Allison Russo: Running for office was never part of the plan, even though I’ve always had interest in policy. After the 2016 election. I thought I really needed to re-engage. As I started to become more engaged in what was going on at the state level—certainly what was going on nationally—I realized that there was a real need for people like me who came with some expertise and real-life perspective on many of these issues and how they impact people. This particular seat became open and I decided, well, it’s now or never…. Because of the population growth that we’ve had in Franklin County, the demographics have changed, so you have a lot of young people moving in new suburban areas. You saw districts like mine in this election cycle flip.

“At the end of the day, people are pragmatic, I think that is our strength as a state. We have this really strong history of innovation and working hard.”

Your campaign was very personal, talking about your kids, spouse and career. I’m interested to hear about that choice.

AR: I was very intent on running as myself and being as authentic as possible, because […] one, frankly I didn’t know any different, and two, as a woman, I have many different roles. I’m a mom, I’m a professional, I’m involved in my community. All of that is what made me the candidate that I am. And I think that’s what many women do. We connect with people, and making those connections opens us up to listening to different perspectives. So I just embraced that.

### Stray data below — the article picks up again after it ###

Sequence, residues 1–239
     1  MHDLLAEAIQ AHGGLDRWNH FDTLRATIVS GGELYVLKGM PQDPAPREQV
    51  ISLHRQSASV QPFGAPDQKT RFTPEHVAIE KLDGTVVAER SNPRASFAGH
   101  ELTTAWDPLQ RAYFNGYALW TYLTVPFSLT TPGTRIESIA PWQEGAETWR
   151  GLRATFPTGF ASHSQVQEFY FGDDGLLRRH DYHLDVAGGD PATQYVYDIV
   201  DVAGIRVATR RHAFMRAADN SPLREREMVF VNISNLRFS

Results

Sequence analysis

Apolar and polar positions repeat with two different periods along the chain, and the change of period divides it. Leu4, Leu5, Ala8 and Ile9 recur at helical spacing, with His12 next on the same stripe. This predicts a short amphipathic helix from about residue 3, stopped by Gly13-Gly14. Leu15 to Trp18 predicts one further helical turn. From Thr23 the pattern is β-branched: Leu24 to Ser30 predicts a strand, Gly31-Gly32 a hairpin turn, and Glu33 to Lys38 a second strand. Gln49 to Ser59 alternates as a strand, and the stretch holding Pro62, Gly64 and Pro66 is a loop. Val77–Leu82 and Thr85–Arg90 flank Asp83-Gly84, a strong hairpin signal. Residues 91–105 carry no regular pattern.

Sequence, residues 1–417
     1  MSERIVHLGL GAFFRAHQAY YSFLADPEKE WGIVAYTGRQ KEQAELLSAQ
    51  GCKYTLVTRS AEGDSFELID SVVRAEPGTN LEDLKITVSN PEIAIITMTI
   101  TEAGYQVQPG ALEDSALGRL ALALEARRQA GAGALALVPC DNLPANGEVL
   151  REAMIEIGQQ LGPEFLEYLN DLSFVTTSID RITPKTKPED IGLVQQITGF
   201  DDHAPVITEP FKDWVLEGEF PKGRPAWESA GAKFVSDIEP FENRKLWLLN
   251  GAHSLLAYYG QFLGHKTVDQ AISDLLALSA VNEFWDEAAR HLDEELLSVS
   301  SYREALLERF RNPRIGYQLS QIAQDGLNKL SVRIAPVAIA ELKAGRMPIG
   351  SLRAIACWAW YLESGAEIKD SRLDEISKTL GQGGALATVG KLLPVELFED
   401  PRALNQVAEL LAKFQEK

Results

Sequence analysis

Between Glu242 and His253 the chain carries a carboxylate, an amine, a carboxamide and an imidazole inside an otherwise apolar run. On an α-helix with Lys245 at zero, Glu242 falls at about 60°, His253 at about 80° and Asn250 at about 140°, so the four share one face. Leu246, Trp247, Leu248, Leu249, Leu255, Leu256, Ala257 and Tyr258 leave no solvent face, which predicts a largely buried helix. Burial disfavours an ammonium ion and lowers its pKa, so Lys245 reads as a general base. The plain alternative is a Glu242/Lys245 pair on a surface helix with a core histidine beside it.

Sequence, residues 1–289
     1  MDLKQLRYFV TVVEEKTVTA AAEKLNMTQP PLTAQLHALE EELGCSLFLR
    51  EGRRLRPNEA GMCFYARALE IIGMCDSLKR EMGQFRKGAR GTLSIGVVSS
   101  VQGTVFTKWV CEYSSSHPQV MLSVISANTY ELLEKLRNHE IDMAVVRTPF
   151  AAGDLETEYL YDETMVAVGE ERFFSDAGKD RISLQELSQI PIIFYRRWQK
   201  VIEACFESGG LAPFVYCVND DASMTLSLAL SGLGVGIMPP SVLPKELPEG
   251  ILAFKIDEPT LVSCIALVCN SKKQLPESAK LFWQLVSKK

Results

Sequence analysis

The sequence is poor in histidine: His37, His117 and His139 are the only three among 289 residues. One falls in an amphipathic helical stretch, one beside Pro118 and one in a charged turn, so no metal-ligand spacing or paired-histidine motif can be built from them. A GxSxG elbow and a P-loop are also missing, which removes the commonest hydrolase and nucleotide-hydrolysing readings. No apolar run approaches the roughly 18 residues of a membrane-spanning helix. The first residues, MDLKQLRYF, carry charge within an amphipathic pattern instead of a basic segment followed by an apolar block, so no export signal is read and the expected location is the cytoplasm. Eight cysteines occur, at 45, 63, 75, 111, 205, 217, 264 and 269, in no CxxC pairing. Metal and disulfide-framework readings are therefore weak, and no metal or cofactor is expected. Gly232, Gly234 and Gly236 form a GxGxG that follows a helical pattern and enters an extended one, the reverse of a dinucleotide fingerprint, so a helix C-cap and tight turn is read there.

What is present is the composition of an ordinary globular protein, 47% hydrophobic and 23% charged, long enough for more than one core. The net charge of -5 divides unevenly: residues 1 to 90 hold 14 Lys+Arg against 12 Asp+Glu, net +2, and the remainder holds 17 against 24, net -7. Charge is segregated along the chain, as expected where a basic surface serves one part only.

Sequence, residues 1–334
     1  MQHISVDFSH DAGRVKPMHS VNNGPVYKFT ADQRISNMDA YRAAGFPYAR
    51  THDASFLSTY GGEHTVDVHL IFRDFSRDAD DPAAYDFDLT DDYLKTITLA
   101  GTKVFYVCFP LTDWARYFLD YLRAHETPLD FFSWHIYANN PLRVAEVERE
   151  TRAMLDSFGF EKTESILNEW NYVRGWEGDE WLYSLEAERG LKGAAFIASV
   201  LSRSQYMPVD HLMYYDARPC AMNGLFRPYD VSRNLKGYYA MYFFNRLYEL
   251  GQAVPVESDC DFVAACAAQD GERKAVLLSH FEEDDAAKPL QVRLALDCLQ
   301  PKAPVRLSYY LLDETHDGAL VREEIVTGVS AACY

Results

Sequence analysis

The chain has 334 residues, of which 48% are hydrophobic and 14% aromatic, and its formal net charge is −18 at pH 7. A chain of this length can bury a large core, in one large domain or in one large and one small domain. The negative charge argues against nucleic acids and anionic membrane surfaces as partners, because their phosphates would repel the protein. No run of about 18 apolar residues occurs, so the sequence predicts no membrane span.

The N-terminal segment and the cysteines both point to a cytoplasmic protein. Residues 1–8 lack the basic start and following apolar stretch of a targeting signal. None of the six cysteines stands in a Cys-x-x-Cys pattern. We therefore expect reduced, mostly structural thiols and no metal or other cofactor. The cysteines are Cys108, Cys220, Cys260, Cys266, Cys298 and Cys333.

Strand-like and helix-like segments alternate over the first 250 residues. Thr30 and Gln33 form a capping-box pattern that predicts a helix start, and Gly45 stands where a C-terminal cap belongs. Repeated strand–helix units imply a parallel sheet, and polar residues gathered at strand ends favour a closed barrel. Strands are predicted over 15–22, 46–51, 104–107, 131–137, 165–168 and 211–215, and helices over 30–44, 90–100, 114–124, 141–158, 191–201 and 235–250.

Authenticity and likability seems to be a general problem for women on the campaign trail. What could help?

AR: Part of being authentic was [that] I often had my kids in tow with me while we were knocking on doors and at campaign events. But you’re also very aware that you’re judged by a different set of standards. And it’s not just the physical part of it. It’s how you present yourself. It’s even your experiences because many of us who were women running for the first time, we didn’t have the typical politician experience. It was talking about that, and many times explaining our experiences and justifying why we were just as qualified as someone else who was running.

Is healthcare your passion? Where does that come from?